didn’t “serve Negroes”, I said that the law said I didn’t have to
leave so she called the police. Upon arriving, the policeman
apologized to her that there was nothing he could do. She then closed
the coffee shop. By that time, I was enjoying the game and waited
until she opened and again entered. At this point, she decided I think
that business was more important than showing me who was in control
and served me.

So I grew up in two worlds: one warm, supportive, and nurturing; the
other cold and hostile. That is not to say that there were no shades
of grey. I went to an integrated high school where I had friends of
all races. I participated in organizations designed to bring people of
all races together to understand our differences and to work
collectively on the problems confronting us. Yet, the sense of living
in two worlds was always there. Even more disturbing was the fact that
there were constant reminders that as African-Americans, we had to
understand that we were inferior. It was even said that the Bible
documented the sin that had led to our eternal inferiority. Yet, my
mother was the youngest graduate of the University of Cincinnati,
graduating at 18 in 1928 until my brother graduated from U.C. in 1947
at 16. It all seemed like a bad dream–a nightmare in fact.

With an ingrained two world perspective, I headed off to Harvard at 18
with a full scholarship in my pocket. My years there resulted in a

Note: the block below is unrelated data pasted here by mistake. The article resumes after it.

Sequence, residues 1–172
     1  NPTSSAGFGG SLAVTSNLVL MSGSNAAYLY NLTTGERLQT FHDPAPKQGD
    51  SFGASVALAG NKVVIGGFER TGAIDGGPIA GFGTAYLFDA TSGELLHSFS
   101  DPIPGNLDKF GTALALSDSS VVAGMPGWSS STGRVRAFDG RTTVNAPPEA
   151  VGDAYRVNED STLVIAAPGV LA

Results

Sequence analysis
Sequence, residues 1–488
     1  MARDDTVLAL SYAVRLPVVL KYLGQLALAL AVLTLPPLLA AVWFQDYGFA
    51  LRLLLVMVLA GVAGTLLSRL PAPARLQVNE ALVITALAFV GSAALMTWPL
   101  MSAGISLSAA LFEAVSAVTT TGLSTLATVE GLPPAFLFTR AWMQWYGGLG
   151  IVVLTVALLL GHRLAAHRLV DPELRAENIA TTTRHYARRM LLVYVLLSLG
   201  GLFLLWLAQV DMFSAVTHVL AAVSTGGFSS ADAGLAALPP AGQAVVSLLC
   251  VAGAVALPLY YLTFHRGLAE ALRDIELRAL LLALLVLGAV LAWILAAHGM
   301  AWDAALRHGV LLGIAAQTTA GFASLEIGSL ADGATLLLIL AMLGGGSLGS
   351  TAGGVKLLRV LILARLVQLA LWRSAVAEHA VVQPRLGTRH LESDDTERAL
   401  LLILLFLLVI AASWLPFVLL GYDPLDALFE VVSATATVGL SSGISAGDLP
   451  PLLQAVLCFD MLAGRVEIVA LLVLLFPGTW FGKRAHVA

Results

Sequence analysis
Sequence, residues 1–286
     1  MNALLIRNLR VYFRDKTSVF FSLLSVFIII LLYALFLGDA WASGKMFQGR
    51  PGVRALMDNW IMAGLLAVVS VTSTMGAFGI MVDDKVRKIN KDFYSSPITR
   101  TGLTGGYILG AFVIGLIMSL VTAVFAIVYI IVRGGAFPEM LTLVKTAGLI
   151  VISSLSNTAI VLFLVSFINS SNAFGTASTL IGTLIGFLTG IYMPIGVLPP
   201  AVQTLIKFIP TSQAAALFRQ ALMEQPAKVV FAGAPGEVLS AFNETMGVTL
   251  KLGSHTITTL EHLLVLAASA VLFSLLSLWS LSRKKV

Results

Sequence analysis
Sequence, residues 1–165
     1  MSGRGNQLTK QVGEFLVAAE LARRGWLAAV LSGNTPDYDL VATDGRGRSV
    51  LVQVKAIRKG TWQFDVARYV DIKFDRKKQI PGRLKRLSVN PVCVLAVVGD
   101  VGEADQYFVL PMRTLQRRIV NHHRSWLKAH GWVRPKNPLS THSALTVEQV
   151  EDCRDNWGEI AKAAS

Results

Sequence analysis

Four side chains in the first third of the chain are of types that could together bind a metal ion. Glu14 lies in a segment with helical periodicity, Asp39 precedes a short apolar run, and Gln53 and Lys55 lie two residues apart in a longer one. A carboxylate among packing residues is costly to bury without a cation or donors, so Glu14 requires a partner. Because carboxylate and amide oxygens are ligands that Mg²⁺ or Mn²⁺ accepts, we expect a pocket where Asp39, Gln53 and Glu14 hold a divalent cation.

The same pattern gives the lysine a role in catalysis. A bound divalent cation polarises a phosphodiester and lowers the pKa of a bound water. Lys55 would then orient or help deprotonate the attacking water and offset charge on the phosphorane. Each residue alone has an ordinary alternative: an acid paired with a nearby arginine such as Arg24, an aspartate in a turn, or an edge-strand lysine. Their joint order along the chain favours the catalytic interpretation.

Harvard BA in government and a thorough exposure to the glories of the
Anglo-Saxon culture and its contributions to the world. In addition,
it further ingrained the fact that I lived in two worlds that did not
mesh. Probably, the most frustrating part was that with a Harvard
degree, I was viewed as having a excellent education. However, given
the constant emphasis on the inferiority of my people, I gained no
knowledge that helped me understand why this Christian nation behaved
in such a devilish way. I was looking for answers to the questions:
Where do we come from; why are we here; and where do we go after our
spirits leave our bodies. They were questions that I thought were
reasonable for an educated man but Harvard had no answers.

So off into the world I went. Harvard degree at the bottom of a box of
books. My family’s warning imprinted on my mind. Despite the
impressive individual accomplishments that family members had
achieved, there was a constant reminder that what we had accomplished
had only been possible because of the sacrifices and struggles of
countless unknown others who had laid a foundation upon which we could
build. In other words, no matter how much individual success and how
many accomplishments I might achieve, they would have no meaning if
the accomplishments didn’t create a base that future generations could
use in the continuous struggle for justice. “To whom much is given,
much is expected.”

I didn’t know what I was to do but at least I had a standard to
measure my success. Having majored in government and thinking that law
might provide the framework for the service I was seeking, I headed to
D.C., ironically arriving on August 23, 1963. Thus, I had the